I am very proud to announce the first (of what I hope will be many) guest posts on this blog. Today's contributor is Sarah Wilson (@swilson09 on Twitter) and I am particularly interested in the subject as my aunt worked for a time as a gardener at Great Dixter. Take it away, Sarah....
|Great Dixter – the Great Barn & Oast Houses|
The historic Great Barn and 19th-century Oast Houses at Great Dixter have been opened to the public for the first time ever this month. The barn, originally used for storing and processing crops, was built by local nobleman Robert de Etchingham and dates back 500 years. The oast houses, used for drying hops before they were pressed into sacks, were last used in 1938.
|The Restored hop press|
The buildings have been carefully restored by knowledgeable craftsmen to ensure the character and authenticity of the structures remains. The interiors are stripped down and unadorned to allow visitors to see the skeletons of the buildings and appreciate the construction methods used to create them, including the wattle and daub and weatherboarding of the walls. The original floor has been recreated in the Great Barn and some of the original oak frame timbers remain.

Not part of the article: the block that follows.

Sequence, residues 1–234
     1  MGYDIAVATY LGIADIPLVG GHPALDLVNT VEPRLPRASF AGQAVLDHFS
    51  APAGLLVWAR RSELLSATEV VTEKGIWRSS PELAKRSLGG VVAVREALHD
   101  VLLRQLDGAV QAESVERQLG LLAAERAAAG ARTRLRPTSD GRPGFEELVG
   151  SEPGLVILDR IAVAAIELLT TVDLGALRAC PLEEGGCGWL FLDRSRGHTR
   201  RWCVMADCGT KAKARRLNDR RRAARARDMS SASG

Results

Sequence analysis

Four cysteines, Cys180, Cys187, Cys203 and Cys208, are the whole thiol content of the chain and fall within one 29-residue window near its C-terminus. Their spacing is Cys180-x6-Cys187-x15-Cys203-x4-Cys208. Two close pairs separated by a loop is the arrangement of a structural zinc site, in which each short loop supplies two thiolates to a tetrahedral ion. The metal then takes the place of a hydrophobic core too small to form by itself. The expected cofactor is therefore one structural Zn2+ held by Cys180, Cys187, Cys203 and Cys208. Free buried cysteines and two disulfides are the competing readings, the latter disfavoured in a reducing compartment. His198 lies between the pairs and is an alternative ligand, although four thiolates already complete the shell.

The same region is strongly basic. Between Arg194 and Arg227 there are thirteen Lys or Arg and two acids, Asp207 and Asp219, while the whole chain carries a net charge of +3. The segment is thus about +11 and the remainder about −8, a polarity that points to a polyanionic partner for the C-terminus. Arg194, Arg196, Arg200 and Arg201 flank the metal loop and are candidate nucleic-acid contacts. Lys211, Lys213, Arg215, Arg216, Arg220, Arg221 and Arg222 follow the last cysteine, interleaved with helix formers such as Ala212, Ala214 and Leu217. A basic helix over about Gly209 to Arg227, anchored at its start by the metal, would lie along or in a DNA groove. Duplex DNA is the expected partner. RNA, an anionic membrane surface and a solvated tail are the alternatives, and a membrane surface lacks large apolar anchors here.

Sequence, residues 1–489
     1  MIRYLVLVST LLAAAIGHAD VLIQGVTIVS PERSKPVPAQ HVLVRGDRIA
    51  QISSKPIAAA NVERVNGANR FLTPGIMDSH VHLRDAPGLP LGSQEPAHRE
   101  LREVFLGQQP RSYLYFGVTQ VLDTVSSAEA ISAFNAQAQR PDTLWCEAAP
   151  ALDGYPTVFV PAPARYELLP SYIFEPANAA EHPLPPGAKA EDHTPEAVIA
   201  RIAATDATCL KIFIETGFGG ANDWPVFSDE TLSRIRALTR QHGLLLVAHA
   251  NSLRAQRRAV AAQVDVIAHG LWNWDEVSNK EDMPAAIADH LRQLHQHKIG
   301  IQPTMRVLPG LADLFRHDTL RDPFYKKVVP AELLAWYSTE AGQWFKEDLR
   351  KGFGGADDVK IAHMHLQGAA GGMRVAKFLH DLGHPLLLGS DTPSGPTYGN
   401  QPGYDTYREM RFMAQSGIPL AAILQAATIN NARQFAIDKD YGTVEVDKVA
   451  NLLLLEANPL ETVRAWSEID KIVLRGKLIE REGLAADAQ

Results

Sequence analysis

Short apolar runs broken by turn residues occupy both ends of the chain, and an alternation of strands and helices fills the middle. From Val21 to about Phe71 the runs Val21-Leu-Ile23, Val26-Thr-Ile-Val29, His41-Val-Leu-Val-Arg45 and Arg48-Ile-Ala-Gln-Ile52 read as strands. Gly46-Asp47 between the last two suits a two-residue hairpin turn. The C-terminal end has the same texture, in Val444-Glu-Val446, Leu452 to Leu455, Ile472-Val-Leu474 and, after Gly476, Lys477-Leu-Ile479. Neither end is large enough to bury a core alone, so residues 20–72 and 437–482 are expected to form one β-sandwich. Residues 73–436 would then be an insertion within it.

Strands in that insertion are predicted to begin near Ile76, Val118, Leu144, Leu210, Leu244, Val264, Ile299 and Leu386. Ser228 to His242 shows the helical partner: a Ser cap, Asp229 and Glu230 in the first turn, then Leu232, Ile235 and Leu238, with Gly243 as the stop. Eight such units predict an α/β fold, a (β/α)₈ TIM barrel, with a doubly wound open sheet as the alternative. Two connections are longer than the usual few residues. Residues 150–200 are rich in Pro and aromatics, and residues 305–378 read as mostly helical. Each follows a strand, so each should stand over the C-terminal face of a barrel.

|The barn bears many inscriptions by past workers|
The house and outbuildings have proved to be a treasure trove of artefacts, a testament to the waste-not-want-not attitude of Christopher Lloyd. Head Gardener, Fergus Garrett, can tell many anecdotes about the various gardening paraphernalia, pre-World War II foodstuffs and other odds and ends that have been unearthed at Great Dixter. The newly opened buildings provide a fitting home to display some of these historic items.
The Lloyd family and the subsequent caretakers of Great Dixter have worked ceaselessly to preserve the essence of the site and to maintain the link with its farming origins. The house and gardens are noted for their importance as an example of the Arts & Crafts style, but The Great Barn and Oast Houses provide the public with an insight into the history of the estate before the Lloyds took possession and how this history influenced the way in which it was developed. Further details can be found on the Great Dixter website.